There was just enough truth and logic in this argument to threaten not only new friction between Britain and the United States but also real damage to Britain's defense effort. What was novel about the attitude of the departing Ministers was not the fears they expressed but the nightmare proportions assigned to those fears, and the dangerous conclusion that therefore the arms programs should be throttled down. The Government has successfully circumnavigated these political whirlpools by pointing out that it had all along emphasized that the scale of Britain's defense effort and the nature of the plans needed to prosecute it were in the last analysis dependent upon a sufficient supply of critical materials and tools; that the basic assumptions about this year's production, although deliberately scaled down with the current stringency in mind, had been put forward with the clear warning that even this level might be unattainable; but that there was no reason yet to take so pessimistic a view; and that, in any case, a short fall in production would be a ground not for deliberately slackening the arms drive but for intensifying the cuts imposed upon the civil economy.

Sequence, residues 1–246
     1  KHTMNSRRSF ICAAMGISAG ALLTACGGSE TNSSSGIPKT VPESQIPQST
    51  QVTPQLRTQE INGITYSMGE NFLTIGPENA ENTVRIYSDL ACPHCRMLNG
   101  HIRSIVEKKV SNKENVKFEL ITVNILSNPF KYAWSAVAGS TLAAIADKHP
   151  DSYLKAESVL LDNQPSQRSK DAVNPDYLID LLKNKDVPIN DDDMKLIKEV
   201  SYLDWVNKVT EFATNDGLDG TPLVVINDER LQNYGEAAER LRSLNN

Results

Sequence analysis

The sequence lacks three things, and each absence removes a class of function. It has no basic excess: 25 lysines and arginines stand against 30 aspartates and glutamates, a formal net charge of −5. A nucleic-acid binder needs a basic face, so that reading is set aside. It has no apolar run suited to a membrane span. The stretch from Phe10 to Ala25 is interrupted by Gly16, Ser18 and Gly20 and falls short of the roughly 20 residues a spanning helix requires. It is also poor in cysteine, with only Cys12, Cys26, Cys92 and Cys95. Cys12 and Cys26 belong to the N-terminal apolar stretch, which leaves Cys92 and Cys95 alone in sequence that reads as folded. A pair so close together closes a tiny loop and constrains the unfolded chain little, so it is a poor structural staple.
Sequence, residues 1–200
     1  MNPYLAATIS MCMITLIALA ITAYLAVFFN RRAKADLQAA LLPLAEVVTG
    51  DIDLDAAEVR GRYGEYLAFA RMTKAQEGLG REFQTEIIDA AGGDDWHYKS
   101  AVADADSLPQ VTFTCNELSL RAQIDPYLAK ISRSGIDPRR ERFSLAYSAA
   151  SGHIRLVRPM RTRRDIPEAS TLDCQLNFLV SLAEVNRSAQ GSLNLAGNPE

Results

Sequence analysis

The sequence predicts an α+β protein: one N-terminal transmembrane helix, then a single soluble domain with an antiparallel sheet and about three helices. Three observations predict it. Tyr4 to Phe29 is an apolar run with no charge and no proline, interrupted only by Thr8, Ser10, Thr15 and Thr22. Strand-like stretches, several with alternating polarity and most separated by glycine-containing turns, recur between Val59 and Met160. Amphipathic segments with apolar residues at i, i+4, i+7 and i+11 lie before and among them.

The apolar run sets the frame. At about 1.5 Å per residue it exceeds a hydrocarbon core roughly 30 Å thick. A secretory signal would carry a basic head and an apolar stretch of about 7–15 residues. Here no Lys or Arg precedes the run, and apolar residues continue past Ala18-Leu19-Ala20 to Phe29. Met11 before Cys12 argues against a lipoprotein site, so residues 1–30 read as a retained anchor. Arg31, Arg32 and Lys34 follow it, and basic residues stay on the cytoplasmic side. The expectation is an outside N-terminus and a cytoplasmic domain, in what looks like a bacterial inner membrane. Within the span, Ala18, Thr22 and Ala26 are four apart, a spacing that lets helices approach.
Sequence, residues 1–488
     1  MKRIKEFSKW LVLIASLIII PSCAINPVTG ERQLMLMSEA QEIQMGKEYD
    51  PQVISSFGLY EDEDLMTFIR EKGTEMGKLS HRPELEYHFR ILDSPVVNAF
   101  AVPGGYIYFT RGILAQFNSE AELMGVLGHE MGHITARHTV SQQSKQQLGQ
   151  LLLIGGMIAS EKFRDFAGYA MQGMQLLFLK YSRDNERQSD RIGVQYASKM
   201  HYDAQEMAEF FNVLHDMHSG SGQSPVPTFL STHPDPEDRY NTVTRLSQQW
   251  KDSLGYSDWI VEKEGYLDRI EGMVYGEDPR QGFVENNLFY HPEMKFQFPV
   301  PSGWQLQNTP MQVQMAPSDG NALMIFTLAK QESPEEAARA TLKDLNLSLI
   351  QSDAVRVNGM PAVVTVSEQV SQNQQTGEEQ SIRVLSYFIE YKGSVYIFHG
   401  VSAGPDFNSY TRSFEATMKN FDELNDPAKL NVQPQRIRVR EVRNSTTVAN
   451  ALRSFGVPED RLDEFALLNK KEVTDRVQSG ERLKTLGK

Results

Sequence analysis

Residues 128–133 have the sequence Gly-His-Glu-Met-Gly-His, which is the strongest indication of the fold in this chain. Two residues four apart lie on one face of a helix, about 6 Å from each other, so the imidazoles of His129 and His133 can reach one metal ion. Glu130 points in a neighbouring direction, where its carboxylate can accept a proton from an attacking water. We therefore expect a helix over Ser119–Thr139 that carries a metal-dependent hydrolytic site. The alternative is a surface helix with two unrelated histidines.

Mr. Herbert Morrison, the new Foreign Secretary, while admitting that there was "most serious anxiety" about raw material supplies, gave the following assurance:

If severe shortage did thus curtail our output, although we would be unable to prevent its having some effect on the fulfillment of the rearmament program, it would certainly not be our policy to let that program take the first cuts or bear the main effects. So far as was physically possible we would continue to follow our existing line of policy and to protect both our defense program and our export drive as far as we could by taking the burden of shortage, while it continued, on our current standard of life. As far as budgetary policy is concerned, this would mean, of course, not an easier Budget, but a harder one.[i]

No other policy, he affirmed, would be compatible "with that view of the needs of national security that the Government has repeatedly proclaimed and is in process of putting into effect." Mr. Gaitskell later echoed these assurances and then reiterated that the whole program of 4.7 billion pounds was still regarded as one that could be attained without "fatally damaging the fabric of our economic life," without driving Britain heavily into debt again, and without "such a fall in our standard of living as would be intolerable."